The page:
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Best Ethnography podcasts we could find (updated August 2020)
Best Ethnography podcasts we could find
Updated August 2020
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The Ethnography Atelier podcast discusses research methods with accomplished qualitative researchers. We talk to guests about their experiences of conducting research in and around organizations, the challenges they faced and the understandings they gained. The podcast is an initiative of the Ethnography Atelier at emlyon business school which promotes ethnographic and other qualitative research. For more information please visit our website at www.ethnographyatelier.org
 
True. Smart. Fearless. Independent Study brings you thoughtful — and thought-provoking — audio stories from Charlottesville, Va. With an ethnographic eye and documentary voice, we make experimental radio in a learning lab led by a University of Virginia anthropologist. Join host Sarah Alberstein and staff as we explore all kinds of social issues and subcultures at UVa and beyond. Independent Study is distributed by Teej.FM, WTJU's podcast network.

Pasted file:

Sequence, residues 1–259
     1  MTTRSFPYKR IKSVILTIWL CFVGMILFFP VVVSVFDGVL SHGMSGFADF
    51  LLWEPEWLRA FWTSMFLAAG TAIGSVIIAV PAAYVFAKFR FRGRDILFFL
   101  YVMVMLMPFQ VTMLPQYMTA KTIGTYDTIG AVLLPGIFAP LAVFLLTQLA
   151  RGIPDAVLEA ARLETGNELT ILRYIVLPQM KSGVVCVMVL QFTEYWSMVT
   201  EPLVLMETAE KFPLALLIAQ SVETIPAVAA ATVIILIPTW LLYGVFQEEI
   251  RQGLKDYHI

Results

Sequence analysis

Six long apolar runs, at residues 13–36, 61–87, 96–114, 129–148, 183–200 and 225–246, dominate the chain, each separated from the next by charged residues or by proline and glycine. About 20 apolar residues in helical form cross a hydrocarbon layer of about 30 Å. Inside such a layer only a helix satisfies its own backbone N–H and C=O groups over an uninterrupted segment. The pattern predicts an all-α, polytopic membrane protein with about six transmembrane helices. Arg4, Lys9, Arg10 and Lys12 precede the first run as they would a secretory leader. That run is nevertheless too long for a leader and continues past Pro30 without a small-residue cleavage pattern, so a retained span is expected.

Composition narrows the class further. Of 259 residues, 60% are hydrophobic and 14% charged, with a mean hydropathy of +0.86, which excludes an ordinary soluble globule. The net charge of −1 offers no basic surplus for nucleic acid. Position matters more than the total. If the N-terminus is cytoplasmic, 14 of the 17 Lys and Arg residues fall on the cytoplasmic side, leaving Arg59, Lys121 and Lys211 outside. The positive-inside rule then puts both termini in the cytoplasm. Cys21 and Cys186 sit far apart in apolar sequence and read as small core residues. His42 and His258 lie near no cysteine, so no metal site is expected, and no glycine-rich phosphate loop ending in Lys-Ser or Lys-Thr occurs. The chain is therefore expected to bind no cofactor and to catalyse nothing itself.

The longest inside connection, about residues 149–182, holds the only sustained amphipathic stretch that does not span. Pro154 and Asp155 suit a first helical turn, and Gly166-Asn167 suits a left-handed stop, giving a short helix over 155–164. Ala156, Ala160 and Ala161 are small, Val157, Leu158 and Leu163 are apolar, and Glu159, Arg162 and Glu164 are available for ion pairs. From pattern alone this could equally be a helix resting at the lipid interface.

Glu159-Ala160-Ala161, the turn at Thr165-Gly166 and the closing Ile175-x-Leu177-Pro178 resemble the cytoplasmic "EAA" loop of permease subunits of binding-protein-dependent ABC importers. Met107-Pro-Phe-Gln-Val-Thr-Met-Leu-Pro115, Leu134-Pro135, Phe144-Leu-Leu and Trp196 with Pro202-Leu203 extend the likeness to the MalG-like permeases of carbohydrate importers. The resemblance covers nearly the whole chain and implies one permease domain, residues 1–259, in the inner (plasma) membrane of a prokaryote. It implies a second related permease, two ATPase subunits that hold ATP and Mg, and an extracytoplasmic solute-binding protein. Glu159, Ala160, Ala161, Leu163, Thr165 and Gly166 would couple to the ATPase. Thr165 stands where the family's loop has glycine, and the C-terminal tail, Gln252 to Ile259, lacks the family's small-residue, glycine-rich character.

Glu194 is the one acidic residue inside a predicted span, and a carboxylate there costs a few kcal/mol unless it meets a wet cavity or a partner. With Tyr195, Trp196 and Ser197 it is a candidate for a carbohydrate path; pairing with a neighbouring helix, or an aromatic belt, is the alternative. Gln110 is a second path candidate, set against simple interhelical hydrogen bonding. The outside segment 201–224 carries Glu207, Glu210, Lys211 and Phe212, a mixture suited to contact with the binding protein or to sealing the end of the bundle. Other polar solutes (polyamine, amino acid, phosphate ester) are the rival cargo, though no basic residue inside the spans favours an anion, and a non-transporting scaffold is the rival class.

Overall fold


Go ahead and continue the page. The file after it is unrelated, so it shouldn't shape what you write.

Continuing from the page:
Life is complicated, but we love simple answers. AI and robotics are changing the nature of work. Emojis change the way we write. Fossil Fuels were once the engine of progress, now we're in a race to change how we power the planet. We're constantly trying to save ourselves...from ourselves. This Anthro Life brings you smart conversations with humanity’s top makers and minds to make sense of it all. We dig into truth and hope in our creative potential through design, culture, and technology. ...
 
When you write a novel or build a game, you have to design a whole world. A world with culture, hierarchy, taboos, economy, fairness, traditions, careers, and origin stories. In Full Worlds, we hear authors and creators explain the worlds they built, without the story getting in the way.
 
The Familiar Strange is a podcast about doing anthropology: that is, about listening, looking, trying out, and being with, in pursuit of uncommon knowledge about humans and culture. Find show notes, plus our blog about anthropology's role in the world, at https://www.thefamiliarstrange.com. Twitter: @tfsTweets. FB: facebook.com/thefamiliarstrange. Instagram: @thefamiliarstrange. Brought to you by your familiar strangers: Ian Pollock, Jodie-Lee Trembath, Julia Brown, Simon Theobald, Kylie Won ...
 
“This is Product Management” interviews brilliant minds across the numerous disciplines that fuel the modern product manager. Episodes span from arts to science, tactics to strategies, confessions to professions. Take a deep dive into user experience, statistics, innovation, differentiation, design, development, metrics, and more with the latest podcast for product managers. Learn more and subscribe at thisisproductmanagement.com.